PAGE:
The Closing Mass: ' The Triumph of Living Mercy'

Since the first-ever World Apostolic Congress on Mercy did nothing short of inflame the hearts of thousands, it could no nothing less than conclude with a mandate.

That mandate was delivered Sunday by Cardinal Christopher Schönborn, the celebrant of the congress's closing Mass at St. Peter's Basilica.

"We are now departing after the blessed days of this congress," he said in his homily, "and we are putting ourselves on the road with burning hearts to be everywhere and always with the Lord as witnesses of His immeasurable mercy."

He alluded to the societies to which many of the pilgrims return, societies where corruption, poverty and injustice run rampant, where economic interests trump the public good, and where humanity is often stripped of its dignity. Only hearts transformed by Christ can transform the world, he said.

"There are today many disillusioned people," he said. Such disillusionment, he said, prompts people to ask: "Is God watching? Is justice impotent? Why all the suffering? Where is the power of the arm of God in all this misery and poverty?"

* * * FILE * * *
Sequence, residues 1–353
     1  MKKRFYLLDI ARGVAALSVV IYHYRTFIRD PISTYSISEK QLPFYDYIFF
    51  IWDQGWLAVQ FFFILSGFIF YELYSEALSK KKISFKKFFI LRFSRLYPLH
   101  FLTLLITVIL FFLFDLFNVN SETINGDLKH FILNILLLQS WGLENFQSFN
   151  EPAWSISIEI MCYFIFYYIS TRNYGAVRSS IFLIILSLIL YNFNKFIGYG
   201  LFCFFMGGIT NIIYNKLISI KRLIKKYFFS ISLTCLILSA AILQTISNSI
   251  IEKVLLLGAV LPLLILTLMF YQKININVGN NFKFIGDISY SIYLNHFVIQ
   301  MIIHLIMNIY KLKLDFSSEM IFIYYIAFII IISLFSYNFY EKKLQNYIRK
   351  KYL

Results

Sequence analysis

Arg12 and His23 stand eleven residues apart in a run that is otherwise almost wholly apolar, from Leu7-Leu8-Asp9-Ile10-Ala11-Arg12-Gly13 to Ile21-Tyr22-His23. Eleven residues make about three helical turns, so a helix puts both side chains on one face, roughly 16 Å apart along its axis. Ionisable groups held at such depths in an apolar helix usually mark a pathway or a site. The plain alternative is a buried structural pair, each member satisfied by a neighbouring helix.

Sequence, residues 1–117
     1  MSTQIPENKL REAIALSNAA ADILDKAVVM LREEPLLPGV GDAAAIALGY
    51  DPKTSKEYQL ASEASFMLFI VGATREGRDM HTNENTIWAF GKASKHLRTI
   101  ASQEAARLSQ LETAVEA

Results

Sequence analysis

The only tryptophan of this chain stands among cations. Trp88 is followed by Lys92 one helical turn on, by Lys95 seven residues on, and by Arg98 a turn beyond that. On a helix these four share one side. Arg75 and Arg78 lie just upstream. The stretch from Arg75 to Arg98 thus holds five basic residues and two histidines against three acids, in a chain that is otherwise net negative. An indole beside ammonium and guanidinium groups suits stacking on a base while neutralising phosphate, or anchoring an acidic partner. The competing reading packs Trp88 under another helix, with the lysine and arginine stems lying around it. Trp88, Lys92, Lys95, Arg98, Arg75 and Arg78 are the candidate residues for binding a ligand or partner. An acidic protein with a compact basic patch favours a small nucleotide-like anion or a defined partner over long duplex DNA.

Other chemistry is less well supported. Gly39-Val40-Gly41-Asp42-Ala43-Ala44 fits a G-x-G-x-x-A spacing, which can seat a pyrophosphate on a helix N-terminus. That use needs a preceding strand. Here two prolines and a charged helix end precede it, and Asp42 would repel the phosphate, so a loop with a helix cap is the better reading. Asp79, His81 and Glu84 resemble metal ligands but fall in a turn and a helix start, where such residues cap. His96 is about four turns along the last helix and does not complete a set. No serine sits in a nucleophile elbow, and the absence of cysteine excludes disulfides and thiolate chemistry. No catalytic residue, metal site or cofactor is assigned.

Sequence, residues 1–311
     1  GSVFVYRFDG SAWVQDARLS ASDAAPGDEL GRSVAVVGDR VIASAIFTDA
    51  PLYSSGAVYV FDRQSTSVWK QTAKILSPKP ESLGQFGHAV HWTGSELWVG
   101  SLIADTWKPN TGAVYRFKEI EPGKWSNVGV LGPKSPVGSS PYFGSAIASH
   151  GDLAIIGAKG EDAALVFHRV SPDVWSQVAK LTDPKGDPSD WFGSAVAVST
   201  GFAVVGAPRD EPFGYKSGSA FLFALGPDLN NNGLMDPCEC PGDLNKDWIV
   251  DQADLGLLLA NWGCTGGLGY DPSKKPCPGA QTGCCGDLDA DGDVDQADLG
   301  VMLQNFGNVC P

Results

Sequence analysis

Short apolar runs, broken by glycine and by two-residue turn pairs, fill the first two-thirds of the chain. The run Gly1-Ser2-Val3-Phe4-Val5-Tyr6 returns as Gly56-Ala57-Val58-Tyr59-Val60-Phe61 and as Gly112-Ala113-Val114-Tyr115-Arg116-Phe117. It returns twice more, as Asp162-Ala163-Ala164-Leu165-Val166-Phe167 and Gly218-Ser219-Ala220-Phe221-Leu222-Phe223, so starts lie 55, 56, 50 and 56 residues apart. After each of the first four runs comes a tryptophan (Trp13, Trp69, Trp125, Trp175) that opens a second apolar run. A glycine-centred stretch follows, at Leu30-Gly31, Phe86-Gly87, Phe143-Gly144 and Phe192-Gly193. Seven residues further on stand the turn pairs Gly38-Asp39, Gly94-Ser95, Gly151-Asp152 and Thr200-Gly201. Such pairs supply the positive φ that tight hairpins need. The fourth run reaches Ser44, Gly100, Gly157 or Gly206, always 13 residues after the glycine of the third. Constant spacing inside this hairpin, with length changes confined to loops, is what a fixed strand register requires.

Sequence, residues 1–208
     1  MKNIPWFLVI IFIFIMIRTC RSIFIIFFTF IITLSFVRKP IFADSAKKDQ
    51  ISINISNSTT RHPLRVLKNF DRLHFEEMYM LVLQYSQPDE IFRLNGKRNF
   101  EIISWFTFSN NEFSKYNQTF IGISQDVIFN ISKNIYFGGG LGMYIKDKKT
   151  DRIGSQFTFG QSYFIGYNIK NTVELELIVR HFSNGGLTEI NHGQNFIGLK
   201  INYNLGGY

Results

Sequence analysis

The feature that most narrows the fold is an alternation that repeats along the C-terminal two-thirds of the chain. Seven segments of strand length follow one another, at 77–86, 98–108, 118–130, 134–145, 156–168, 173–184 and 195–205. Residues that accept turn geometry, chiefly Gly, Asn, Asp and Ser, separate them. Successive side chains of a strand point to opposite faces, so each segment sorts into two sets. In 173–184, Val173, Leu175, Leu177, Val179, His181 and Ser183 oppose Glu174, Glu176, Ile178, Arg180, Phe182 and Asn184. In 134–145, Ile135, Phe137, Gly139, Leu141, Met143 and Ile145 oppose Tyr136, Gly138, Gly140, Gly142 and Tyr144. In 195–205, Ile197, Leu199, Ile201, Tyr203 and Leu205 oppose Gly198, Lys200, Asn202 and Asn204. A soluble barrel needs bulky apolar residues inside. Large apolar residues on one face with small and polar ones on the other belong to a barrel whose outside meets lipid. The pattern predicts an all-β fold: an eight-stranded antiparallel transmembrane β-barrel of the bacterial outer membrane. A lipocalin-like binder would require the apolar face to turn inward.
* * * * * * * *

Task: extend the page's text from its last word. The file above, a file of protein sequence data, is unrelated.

After four full days of delving deep into heart of the gospel message of mercy, the congress participants had filed in for the morning Mass under Michelangelo's silver-blue dome. An awe-inspiring week ended at an awe-inspiring location, and with a gospel reading that proved to be, in Cardinal Schönborn's words, "a beautiful coincidence."

It was from Luke 24:13-35, the story of two disciples on the road to Emmaus from Jerusalem on the third day after Christ's death. The two disciples, too, are feeling disillusioned and dejected, until they meet Christ on the road. It's the journey of every Christian. The two don't yet know He is the Lord God. Seeing that they are disheartened, He uses the Scriptures to explain that the Messiah had to suffer and die to enter into his glory. He begins to reignite their faith. They see He is in need of food and shelter. Through their hospitality toward Him, they come to see He is the Risen Lord and make haste to proclaim the Good News.

Cardinal Schönborn said that, similarly, we can encounter Christ by opening our hearts to receive His word and through showing hospitality to the many in need.

"What an example for us, to prepare for our encounter with Christ through our hospitality," said Cardinal Schönborn, who presided over the previous four days of talks, prayer and celebration. "'Be merciful as Your Father is merciful.' How many times in living and performing simple works of mercy we have been able to experience the closeness of the Lord. The history of the success of Christianity is not a story of military triumphs or political triumphs. It is rather the triumph of living mercy. Only in this way can you become convinced. The words can be beautiful, but in the end they are only words. But the acts of mercy, instead, are indisputable."

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